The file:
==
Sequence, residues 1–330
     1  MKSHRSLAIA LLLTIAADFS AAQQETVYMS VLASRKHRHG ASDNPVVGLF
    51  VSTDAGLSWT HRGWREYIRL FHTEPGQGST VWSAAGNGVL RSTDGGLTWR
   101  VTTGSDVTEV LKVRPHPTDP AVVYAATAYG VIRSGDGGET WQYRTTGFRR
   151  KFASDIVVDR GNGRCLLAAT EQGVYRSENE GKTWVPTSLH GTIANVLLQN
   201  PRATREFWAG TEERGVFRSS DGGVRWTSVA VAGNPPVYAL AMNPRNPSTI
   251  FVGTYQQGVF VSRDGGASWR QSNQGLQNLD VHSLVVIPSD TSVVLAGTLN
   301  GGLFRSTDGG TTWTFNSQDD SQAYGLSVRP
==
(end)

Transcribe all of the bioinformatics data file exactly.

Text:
Sequence, residues 1–330
     1  MKSHRSLAIA LLLTIAADFS AAQQETVYMS VLASRKHRHG ASDNPVVGLF
    51  VSTDAGLSWT HRGWREYIRL FHTEPGQGST VWSAAGNGVL RSTDGGLTWR
   101  VTTGSDVTEV LKVRPHPTDP AVVYAATAYG VIRSGDGGET WQYRTTGFRR
   151  KFASDIVVDR GNGRCLLAAT EQGVYRSENE GKTWVPTSLH GTIANVLLQN
   201  PRATREFWAG TEERGVFRSS DGGVRWTSVA VAGNPPVYAL AMNPRNPSTI
   251  FVGTYQQGVF VSRDGGASWR QSNQGLQNLD VHSLVVIPSD TSVVLAGTLN
   301  GGLFRSTDGG TTWTFNSQDD SQAYGLSVRP